It’s not easy to get 40 winks when you’re pregnant. Between physical aches and pains, abnormal positioning, the baby kicking, and an ever-shrinking bladder, most women are lucky if they can piece together ten or twelve.
Women and Sleep Disorders
A sleep disorder is any change in sleeping pattern or habit that is harmful to your health. Insomnia is one of the most common sleep disorders. It affects about 10% of adults, and most of these happen to be parents – a shocking turn of events!
But what you might not have guessed is that the condition is found in more women than men. This is bad news for women’s health, as scientists have learned that women actually need more sleep than men – about 20 extra minutes per night, on average.
Insomnia and other sleep disorders can cause fatigue, forgetfulness, irritability, and inability to focus. It can impact your work performance and overall quality of life, and can lead to accidents while on the road.
But, according to a new study published in the journal Obstetrics and Gynecology, suffering from sleep disorders while pregnant comes with added dangers.
Insomnia During Pregnancy Can Lead to Preterm Birth
Recently, researchers at the University of California San Francisco conducted an analysis of nearly three million hospital records of California births that occurred between 2007 and 2012. About 2,300 of the women had been diagnosed with a sleep disorder at some time during their pregnancy.
The researchers were shocked to learn that the women who had trouble sleeping were much more likely to give birth preterm.
According to their results, suffering from insomnia increased the chance of a preterm birth by 30%. A diagnosis of sleep apnea increased the chance of a preterm birth by 40%. In fact, women with either sleep apnea or insomnia were twice as likely to give birth more than six weeks pre-term.
Furthermore, 5.3% of women with sleep disorders had “very premature births”. Their deliveries occurred at less than 34 weeks. Compare this number to the 2.9% of women with normal sleep patterns who delivered very prematurely.
Looking for Better Interventions to Prevent Preterm Birth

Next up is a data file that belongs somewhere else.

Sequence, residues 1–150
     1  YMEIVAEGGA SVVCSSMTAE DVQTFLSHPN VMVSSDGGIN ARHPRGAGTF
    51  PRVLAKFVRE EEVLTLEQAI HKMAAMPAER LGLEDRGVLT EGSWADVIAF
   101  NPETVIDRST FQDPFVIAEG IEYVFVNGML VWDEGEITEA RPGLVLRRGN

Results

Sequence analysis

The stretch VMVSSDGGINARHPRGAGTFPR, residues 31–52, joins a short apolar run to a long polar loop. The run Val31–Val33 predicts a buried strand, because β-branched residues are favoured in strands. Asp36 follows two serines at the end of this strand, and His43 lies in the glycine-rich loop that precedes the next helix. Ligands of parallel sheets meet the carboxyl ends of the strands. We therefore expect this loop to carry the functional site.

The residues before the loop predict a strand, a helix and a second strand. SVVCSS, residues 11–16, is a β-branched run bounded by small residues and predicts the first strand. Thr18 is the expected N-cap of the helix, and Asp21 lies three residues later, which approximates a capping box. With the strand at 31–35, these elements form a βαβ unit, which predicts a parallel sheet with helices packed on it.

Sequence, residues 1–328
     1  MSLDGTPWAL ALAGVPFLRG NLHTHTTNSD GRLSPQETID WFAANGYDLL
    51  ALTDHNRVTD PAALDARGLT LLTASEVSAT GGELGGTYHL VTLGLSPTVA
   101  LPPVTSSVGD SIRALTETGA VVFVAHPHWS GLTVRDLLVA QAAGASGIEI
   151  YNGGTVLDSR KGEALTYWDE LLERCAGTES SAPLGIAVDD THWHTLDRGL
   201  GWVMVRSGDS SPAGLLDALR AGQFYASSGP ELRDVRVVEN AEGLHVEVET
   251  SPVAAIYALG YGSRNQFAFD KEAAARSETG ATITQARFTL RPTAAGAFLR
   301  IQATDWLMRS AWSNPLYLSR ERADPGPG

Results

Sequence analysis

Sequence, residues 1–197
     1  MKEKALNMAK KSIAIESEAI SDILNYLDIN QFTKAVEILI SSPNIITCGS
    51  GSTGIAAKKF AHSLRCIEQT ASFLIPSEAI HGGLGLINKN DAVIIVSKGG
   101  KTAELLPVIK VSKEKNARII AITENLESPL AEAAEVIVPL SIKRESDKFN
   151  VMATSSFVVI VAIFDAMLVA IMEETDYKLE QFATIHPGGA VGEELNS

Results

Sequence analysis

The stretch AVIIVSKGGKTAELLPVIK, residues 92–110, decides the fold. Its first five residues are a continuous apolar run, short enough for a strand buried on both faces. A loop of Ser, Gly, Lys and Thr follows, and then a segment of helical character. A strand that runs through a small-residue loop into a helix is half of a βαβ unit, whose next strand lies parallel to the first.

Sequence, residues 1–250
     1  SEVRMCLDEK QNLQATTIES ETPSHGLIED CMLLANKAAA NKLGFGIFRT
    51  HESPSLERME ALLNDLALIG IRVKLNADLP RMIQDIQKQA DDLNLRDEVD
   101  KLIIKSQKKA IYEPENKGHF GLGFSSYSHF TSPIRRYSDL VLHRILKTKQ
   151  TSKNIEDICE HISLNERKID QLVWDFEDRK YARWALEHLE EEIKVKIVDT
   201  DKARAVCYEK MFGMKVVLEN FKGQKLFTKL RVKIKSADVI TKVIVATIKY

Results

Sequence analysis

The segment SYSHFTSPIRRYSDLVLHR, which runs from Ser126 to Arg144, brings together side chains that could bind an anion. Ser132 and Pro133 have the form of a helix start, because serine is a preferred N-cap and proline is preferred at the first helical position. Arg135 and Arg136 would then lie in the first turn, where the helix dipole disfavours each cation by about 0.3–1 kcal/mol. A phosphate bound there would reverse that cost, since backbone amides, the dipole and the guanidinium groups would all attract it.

“It seems obvious, but strangely this study has not been done before,” said author and epidemiologist Dr. Laura Jelliffe-Pawlowski. Her team is looking for any clue that can help doctors design better interventions to prevent preterm births.
Each year, around 15 million infants worldwide are born prematurely – that is, less than 37 weeks gestation. A gestation period of 40 weeks is typically considered normal and healthy.
About one out of every 15 of these newborns will succumb to any number of life-threatening conditions associated with preterm birth. Others are at an increased risk for developing learning disabilities, hearing issues, cerebral palsy, and other impairments.
“We are just starved for interventions that can make a difference,” Jeliffe-Pawlowski said. The $100 million UCSF Preterm Birth Initiative, funded by Lynne and Marc Benioff and the Bill and Melinda Gates Foundation, is weeding through enormous sets of birth data. They are working to identify any type of intervention that might have a shot at reducing preterm births.
Getting Help for Sleep-Deprived Moms-to-be
These studies might alarm you but researchers are optimistic. They believe their results can help women and doctors take practical steps now to decrease their risk of preterm birth in the future.
Aside from insomnia and apnea, other sleep disorders in the study included excessive sleepiness, restless leg syndrome, and narcolepsy. If you’re having difficulty sleeping, contact your doctor to learn what interventions are available to you.
If you’d like to learn more about this study, you can read it here at Scientific American.
Supported by her warm professional team, Dr. Aliabadi treats women through all phases of life and cherishes the special one-on-one relationship between patient and doctor.
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